Empires of Speed (Supplements to the Study of Time)
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The beginning of the 21st century is witnessing the emergence of a social, political and technological revolution in networked computing. We now live in a networked society, but it functions and develops at such an accelerating rate that it becomes increasingly difficult to adequately understand the nature of this radical society. "Empires of Speed" is the first book to analyse the far-reaching transformations of speed-filled everyday life. In a compelling study Hassan shows that we are leaving behind a modern world based upon the time of the clock, and are entering a new and volatile phase where an accelerating network time poses fundamental economic and political challenges in our postmodern world, challenges we barely comprehend and are thus woefully unprepared for."
978-90-04-17590-7 (hardback : alk. paper) 1. Time—Sociological aspects. 2. Information society. 3. Information technology—Social aspects. 4. Computers and civilization. I. Title. HM656.H38 2009 303.48’3301—dc22 2009012416 ISSN 1873-7463 ISBN 978 90 04 17590 7 Copyright 2009 by Koninklijke Brill NV, Leiden, The Netherlands. Koninklijke Brill NV incorporates the imprints Brill, Hotei Publishing, IDC Publishers, Martinus Nijhoff Publishers and VSP. All rights reserved. No part of this publication
chapter two operates through the dynamic of capitalism, through the speed mania that is fuelled by competition and the ‘time is money’ nexus; but there is another dimension here that is important to include. Arguably, most technologies are ‘speed generators’ in that their design and use are calculated to make processes more efficient and thus faster. It would follow that if speed is built into technologies then so must also be time. For example, the ‘time’ of an axe is immeasurable and not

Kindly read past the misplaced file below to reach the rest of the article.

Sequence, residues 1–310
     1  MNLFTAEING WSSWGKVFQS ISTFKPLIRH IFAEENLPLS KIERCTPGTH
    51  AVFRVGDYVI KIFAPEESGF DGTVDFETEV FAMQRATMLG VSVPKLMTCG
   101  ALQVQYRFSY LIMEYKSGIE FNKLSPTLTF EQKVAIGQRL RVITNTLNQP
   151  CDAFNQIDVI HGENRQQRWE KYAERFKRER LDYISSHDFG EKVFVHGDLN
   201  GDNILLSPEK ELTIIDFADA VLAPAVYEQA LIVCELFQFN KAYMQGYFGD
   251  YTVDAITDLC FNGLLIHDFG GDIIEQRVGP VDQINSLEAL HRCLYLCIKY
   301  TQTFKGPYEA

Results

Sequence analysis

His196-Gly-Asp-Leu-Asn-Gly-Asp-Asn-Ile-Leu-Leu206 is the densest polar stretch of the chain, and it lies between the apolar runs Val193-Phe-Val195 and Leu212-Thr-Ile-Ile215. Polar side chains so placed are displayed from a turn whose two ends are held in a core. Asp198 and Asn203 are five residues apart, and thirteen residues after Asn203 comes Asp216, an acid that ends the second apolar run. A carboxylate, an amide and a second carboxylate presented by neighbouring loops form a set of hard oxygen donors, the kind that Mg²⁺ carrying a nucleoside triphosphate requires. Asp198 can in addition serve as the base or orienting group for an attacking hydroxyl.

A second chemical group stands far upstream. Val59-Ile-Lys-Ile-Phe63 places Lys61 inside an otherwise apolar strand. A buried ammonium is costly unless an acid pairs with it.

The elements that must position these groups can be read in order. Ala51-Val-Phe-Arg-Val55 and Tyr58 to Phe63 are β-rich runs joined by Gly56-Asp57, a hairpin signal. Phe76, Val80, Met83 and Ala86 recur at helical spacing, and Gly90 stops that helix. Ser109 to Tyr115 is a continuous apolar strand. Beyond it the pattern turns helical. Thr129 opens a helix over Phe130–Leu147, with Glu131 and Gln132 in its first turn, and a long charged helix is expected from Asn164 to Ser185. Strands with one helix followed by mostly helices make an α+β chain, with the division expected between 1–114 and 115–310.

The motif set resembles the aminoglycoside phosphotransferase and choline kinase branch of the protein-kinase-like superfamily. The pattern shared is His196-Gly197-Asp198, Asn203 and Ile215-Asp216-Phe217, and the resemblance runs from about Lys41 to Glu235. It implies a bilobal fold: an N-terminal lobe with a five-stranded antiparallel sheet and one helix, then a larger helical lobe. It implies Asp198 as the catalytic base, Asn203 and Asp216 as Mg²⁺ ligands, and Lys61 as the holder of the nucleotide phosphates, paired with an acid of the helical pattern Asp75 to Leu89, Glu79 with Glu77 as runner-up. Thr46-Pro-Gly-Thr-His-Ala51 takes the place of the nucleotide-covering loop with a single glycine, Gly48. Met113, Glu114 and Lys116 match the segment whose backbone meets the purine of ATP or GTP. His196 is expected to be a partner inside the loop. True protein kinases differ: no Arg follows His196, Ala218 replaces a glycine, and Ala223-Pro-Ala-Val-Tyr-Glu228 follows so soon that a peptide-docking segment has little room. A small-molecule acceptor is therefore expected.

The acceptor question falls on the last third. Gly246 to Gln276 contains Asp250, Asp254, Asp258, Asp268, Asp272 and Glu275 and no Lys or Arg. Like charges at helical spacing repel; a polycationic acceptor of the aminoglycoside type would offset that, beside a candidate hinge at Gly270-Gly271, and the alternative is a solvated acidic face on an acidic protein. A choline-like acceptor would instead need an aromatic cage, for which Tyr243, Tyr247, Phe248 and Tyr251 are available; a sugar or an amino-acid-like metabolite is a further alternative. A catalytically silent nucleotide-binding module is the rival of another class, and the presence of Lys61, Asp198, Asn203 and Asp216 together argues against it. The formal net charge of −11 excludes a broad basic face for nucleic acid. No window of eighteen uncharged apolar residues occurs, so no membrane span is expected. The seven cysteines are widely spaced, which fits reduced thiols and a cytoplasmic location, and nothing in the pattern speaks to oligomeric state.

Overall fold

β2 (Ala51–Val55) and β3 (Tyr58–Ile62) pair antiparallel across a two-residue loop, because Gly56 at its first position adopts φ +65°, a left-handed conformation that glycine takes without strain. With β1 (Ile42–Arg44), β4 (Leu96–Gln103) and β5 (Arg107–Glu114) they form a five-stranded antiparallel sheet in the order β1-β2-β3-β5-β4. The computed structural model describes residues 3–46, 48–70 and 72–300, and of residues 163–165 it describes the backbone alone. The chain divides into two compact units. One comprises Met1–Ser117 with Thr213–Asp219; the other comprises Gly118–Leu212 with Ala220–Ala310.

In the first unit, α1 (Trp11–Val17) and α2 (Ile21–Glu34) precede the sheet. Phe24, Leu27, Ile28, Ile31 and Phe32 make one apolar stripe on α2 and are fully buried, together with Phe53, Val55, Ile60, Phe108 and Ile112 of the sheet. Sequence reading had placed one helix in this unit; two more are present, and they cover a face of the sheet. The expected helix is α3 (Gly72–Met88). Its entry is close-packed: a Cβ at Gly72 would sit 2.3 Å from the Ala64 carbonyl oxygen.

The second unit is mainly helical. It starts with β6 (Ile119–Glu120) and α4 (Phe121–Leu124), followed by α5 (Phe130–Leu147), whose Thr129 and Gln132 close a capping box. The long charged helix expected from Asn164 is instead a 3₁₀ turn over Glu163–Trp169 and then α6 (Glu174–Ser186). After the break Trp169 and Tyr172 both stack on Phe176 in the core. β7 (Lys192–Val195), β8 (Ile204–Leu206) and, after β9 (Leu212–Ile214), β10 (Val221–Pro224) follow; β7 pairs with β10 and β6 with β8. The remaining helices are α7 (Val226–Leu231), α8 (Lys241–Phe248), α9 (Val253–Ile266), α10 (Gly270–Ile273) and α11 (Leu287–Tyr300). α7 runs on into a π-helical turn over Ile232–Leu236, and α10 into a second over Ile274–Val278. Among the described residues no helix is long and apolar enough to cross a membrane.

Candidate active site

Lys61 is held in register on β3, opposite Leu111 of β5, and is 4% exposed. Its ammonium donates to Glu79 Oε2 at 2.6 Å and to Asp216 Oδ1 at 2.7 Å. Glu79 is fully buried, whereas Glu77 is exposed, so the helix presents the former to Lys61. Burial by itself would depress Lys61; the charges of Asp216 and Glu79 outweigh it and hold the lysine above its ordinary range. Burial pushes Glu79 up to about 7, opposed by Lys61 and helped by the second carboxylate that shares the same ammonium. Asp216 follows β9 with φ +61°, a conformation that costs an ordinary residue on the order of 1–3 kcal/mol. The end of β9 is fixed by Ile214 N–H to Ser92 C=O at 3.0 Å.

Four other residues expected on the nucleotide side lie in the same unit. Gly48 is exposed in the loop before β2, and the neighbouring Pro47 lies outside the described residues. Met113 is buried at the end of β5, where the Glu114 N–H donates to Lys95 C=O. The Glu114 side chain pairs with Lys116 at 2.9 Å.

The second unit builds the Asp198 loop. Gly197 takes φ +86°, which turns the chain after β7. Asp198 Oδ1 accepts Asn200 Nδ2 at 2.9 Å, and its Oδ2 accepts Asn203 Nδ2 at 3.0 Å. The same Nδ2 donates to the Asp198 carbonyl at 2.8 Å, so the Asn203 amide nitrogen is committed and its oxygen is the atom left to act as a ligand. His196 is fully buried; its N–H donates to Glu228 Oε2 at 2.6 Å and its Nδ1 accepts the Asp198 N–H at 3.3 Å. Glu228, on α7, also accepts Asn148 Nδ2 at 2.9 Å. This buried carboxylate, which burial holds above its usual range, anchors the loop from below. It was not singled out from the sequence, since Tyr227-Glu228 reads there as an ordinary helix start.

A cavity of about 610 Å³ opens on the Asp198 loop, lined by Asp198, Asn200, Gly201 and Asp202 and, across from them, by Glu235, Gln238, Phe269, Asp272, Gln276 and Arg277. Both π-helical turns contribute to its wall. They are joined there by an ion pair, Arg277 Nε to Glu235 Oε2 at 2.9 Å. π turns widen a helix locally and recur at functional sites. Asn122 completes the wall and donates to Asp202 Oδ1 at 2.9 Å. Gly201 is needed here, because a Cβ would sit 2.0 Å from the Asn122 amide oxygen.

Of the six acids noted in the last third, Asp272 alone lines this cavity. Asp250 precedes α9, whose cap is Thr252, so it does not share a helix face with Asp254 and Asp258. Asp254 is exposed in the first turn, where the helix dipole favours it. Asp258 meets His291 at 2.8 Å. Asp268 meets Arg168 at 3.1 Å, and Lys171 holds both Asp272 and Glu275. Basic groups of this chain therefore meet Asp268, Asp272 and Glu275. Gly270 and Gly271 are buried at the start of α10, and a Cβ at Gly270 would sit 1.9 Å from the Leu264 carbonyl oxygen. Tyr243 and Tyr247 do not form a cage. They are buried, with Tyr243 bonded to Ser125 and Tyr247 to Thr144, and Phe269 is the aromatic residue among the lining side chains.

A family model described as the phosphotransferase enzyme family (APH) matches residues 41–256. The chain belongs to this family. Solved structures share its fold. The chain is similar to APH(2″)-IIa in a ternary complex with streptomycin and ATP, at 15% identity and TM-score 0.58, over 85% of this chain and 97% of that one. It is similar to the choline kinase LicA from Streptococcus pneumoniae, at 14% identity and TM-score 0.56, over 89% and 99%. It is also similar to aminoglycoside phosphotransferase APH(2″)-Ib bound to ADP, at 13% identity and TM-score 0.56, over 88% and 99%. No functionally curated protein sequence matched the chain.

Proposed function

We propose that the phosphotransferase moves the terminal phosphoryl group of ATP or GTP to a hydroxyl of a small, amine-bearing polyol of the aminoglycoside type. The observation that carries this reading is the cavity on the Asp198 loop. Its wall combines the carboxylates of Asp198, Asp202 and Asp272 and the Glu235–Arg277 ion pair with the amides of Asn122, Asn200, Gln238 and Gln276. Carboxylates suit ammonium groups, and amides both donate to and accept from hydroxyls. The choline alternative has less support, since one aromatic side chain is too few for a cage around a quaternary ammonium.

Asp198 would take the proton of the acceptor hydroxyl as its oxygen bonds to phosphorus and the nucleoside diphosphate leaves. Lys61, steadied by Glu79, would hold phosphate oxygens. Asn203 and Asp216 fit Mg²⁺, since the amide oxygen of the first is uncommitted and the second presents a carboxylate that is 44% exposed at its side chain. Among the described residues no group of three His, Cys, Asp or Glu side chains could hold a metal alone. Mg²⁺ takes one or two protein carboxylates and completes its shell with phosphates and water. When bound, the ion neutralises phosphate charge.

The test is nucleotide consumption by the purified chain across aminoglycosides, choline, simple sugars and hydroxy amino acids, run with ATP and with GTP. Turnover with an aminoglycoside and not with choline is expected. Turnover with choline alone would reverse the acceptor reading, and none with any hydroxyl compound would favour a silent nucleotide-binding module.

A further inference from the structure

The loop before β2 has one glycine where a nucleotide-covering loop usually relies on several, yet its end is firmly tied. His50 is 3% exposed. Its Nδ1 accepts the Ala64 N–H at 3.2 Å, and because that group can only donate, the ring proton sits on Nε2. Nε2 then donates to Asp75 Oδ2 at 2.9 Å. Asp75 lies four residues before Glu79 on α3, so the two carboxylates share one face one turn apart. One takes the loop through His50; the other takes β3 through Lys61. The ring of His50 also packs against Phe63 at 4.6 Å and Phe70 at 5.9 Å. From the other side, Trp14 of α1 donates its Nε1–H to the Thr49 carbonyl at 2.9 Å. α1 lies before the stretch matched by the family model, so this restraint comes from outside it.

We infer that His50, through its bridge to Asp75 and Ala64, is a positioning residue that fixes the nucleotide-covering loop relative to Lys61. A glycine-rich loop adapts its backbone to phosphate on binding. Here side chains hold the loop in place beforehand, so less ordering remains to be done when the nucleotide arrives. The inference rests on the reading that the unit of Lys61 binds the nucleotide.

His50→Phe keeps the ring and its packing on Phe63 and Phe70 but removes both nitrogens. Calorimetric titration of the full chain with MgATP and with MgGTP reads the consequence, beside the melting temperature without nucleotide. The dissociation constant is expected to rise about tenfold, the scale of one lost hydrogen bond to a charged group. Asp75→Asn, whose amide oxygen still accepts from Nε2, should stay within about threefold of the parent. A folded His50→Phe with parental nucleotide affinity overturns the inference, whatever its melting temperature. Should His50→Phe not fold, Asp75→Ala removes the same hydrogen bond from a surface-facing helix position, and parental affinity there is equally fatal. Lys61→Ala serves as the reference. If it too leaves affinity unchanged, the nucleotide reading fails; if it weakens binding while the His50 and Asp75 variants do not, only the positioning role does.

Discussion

you—and you on it. The ‘always on’ networked computer at home and work blurs the distinction between these spaces and the roles that are enacted within them. They help reorder these previously distinct and infinitely diverse roles in line with more instrumentally-geared tasks that are oriented at some level to the global system of production and investment that neoliberalism has created through the harnessing of the power of digital information technologies. In a 2008 book by Jonathan Zittrain
we see its obverse, daily, in mainstream media, in business and in government, and in increasingly powerful right-wing think tanks, exhorting workers to be efficient and flexible no matter the circumstances, because their very livelihoods depend on it. The same logic works at the level of international trade where there is another set of laws for global corporations who can complain to the World Trade Organization (WTO) of ‘unfair competition’ from subsidized Nicaraguan banana farmers or Kenyan
It is vital to understand the inherent temporal dispositions of these ways of thinking about the world and how well (or how poorly) they are suited to the current social, economic, technological and temporal order. By foregrounding the time perspective we can see that instrumental thinking with its emphases on productivity and efficiency, of identifiable goals and ‘ontological assumptions’ regarding the way the world is, meshes easily with the priorities of speed. Critical reason, on the other